What's New in Biological Control of Weeds? Issue 70
In this issue
Field Horsetail Project Forges Ahead
Because field horsetails has a deep root system, it is difficult to find chemicals that penetrate deep enough into the roots to be effective. As a result, field horsetail is not able to be controlled adequately and biocontrol might be the only hope of managing the plant and preventing further spread.
Promising Pathogen for Cruel Climber
The invasive climber Araujia hortorum is pollinated by insects, especially moths, and so is usually referred to as moth plant in New Zealand. However, a secretion inside the flowers sometimes traps and kills these winged visitors, so it is also known as cruel plant.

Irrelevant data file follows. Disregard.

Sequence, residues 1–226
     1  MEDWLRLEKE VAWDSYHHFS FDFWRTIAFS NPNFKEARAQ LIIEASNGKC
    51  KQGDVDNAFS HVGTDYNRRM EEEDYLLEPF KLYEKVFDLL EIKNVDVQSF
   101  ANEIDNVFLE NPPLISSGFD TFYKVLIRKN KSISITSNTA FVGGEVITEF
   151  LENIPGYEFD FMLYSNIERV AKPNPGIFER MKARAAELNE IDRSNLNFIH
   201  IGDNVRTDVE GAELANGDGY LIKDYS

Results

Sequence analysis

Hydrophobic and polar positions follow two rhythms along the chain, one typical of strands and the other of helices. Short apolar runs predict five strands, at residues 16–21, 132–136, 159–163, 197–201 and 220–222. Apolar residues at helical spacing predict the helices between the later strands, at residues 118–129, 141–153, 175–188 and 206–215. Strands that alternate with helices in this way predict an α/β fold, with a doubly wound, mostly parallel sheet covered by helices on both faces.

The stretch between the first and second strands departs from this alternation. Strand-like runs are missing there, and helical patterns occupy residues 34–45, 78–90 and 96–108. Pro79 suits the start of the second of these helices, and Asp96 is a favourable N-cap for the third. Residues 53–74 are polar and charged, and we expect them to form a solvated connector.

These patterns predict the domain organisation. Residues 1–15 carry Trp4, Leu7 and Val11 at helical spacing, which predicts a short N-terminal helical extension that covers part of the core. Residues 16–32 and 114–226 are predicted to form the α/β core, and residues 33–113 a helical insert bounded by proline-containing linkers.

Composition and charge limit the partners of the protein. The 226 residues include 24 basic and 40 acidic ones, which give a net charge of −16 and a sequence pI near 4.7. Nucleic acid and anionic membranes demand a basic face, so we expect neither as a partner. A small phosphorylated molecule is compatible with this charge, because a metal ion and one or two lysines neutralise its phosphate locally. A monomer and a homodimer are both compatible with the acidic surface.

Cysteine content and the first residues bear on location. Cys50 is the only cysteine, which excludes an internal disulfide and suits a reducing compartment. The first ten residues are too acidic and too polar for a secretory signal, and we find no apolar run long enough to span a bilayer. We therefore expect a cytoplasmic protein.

Pampas proves to be a difficult target
After three years of searching for potential biocontrol agents pampas has indeed proven to be a difficult target, but not always for the reasons we expected!
How Many Replicates Are Enough?
An essential step in the introduction of a new biocontrol agent is an assessment of the risk it poses to non-target species. Thoughtful experimental design and statistical analyses are needed to ensure valid results are produced and that their meaning can be interpreted correctly so that suitable agents are not rejected unnecessarily or unsuitable agents released.
Summer is a busy time in the world of biocontrol. Some activities you may need to schedule over the next few months are listed below.
Which Insects Pose the Greatest Risks?
Our expertise in determining which insects attack which plants has recently been put to a slightly different use, i.e. helping to predict risks to native plants.